Indie rock band Hyukoh sees newfound success

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Indie rock band Hyukoh sees newfound success


The indie rock band Hyukoh, known for their unique character and sound, performs. From left to right, guitarist Lim Jae-hyun, vocalist Oh Hyuk, drummer Lee In-woo and bass player Im Dong-geon. Provided by Duruduru amc

The indie band Hyukoh may be a young band, but after appearing on MBC’s flagship reality program “Infinite Challenge” in the first week of July, the group has risen to arena status.

With hits including “Comes and Goes,” “Hooka” and “Wi Ing Wi Ing,” the band has joined the league of the nation’s hottest K-pop acts, such as Big Bang, Girls’ Generation and Sistar, whose catchy songs are often guaranteed chart-toppers.

The group, comprising leader Oh Hyuk (vocals, guitar); Im Dong-geon (bass); Lee In-woo (drums); and Lim Jae-hyun (guitar), made their official debut in September.

Hyukoh’s last record, “22,” released in May, even broke into the Top 10 of the Billboard World Albums Chart, ranking No. 7 on July 10.

But while some in the online community argue that Hyukoh’s dominance on the music charts - Naver Music and Melon - was influenced solely by the group’s appearance on the hit variety program, others claim the group’s musical talent is the driving force behind their newfound stardom.

Some of Hyukoh’s newest fans have gone so far as to express their gratitude to “Infinite Challenge” for introducing them to “Korea’s Maroon 5.”

The band’s style of music and their hit tracks have been described as dreamlike, with a quality that makes listeners feel like they’re taking a walk in the clouds.

But although Hyukoh’s music may seem new and fresh to most, their tracks came out at least two months ago - “long enough to make the songs too old to rank No. 1 in the current music charts,” according to music critic Kang Tae-kyu.

In the past, several tracks, such as EXID’s “Up and Down” and Baek A-yeon’s “Shouldn’t Have,” have gradually climbed their way up weeks after their initial release.


Hyukoh’s “Comes and Goes” topped the Melon Music Chart.

EXID, who attained overnight stardom after a video of group member Ha-ni dancing suggestively spread across social media, instantly caught the public’s eye thanks to the visual appeal, Kang explained.

Culture critic Kim Heon-sik added that Baek, on the other hand, was able to reverse up the music charts “because her name was already well-known after she appeared in season one of [popular audition program] ‘K-Pop Star.’”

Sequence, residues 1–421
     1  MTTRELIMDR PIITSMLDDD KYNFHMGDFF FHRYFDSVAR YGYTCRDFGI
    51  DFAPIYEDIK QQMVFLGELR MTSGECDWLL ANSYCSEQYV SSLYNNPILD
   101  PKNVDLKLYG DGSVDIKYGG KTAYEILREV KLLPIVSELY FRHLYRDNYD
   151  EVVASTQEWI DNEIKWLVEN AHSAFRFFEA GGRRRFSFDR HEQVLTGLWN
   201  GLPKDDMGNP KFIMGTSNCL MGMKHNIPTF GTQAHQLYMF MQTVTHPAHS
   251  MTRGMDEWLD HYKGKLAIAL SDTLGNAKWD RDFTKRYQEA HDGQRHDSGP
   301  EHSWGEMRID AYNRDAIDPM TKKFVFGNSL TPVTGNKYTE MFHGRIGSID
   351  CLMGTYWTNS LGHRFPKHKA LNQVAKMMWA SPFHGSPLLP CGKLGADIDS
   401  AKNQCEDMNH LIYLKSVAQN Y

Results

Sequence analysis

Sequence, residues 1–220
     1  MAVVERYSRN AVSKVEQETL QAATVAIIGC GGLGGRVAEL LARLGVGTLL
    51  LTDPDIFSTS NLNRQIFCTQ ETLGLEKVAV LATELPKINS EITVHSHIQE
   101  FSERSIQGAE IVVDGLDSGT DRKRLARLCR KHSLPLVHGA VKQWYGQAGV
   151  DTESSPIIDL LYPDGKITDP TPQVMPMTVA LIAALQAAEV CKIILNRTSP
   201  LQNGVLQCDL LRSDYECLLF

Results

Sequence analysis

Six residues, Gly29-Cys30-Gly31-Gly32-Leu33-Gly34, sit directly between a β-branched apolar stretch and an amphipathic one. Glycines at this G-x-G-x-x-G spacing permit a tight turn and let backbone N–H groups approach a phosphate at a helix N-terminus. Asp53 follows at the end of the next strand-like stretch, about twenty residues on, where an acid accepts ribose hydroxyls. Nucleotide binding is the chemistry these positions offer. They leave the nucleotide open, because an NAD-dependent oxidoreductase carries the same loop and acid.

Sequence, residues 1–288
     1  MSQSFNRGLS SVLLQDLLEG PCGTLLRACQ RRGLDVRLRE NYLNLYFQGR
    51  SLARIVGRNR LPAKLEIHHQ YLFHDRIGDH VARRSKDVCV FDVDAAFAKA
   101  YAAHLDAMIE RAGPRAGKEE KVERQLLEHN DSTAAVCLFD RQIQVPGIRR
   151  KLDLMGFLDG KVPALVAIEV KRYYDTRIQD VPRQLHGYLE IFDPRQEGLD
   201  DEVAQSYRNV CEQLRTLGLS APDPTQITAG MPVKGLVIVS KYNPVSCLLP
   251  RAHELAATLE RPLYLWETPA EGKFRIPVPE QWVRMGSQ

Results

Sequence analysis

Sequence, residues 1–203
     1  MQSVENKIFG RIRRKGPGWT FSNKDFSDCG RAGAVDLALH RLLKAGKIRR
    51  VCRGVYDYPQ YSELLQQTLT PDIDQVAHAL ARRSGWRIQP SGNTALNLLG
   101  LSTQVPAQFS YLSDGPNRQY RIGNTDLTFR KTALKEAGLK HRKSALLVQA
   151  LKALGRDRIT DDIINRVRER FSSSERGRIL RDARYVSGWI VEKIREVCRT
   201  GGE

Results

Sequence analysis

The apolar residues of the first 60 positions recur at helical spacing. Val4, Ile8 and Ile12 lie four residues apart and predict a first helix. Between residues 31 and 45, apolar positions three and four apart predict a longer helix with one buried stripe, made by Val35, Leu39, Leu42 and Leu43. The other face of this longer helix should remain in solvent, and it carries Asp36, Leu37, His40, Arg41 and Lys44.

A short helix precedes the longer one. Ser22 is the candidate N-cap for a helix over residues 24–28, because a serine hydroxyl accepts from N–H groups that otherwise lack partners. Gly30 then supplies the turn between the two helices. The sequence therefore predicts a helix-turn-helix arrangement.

But those reasons don’t hold true for Hyukoh, who weren’t widely known before “Infinite Challenge” and aren’t famous for looking handsome.

“In such a fast-paced music industry, reversing back up the music charts is extremely rare,” Kang said. “Hyukoh, however, was able to achieve that thanks to their fresh sound as well as the band’s solid fan base.”

With the help of “Infinite Challenge,” “they were able to become popular overnight because the band already had loyal fans, mostly in the Hongdae area in western Seoul,” where they’ve consistently performed since their debut.

Despite such little publicity before their appearance on the program, their musicianship has been rated highly by listeners and fellow musicians alike.

A number of renowned acts, including Yoo Hee-yeol, Lee Juck and IU, who appeared on the same episode as Hyukoh, all introduced the indie group as “the hottest band in Korea right now.”

According to Kang, their success is far from surprising given that they possess two important qualities the public expects from musical acts.

“The public wants something new because they’re tired of all the same old tracks they’ve been listening to over the past few years.”

Kang described the chances of hitting No. 1 on the music charts as slimmer than winning at a casino, as the material must at least have publicity or a following for the sake of the average person’s understanding.

“In that sense, Hyukoh, whose music is both fresh and was known [mostly outside mass media], naturally could have carved out their name,” he said.

Kim also pointed to Hyuko’s unique character as the primary reason for their current success, but wasn’t shy in acknowledging that “Infinite Challenge,” which has gained a solid viewership over the past decade, also played a significant role.


Soloist IU, admitted to being a huge fan of the band and posted this picture online in which she’s holding their album jacket photo.

“I think the band’s unique character played just as crucial a role as their musical ability,” Kim added. “These days, most singers come out in idol groups or as spin-off solo acts. Hyukoh, however, approached the public in band form, [which isn’t common among the younger generation].”

Regarding their young age - the four all range between 21 and 22 years old - he noted, “The bands this age usually appear on audition programs like ‘Superstar K’ or ‘K-Pop Star,’ not ‘Infinite Challenge’ [which by comparison wields much more influence than the former].”

“It’s surprising that such young musicians can take on the independent movement.”

The group’s image also lent itself perfectly to the show, the culture critic said.

“The hosts of the program possess average looks,” he said, implying that the show’s regular viewers are used to and even fond of that aspect.

“As a result, the program’s fans were attracted to Hyukoh’s average looks, not to mention their unique character and musicianship.”

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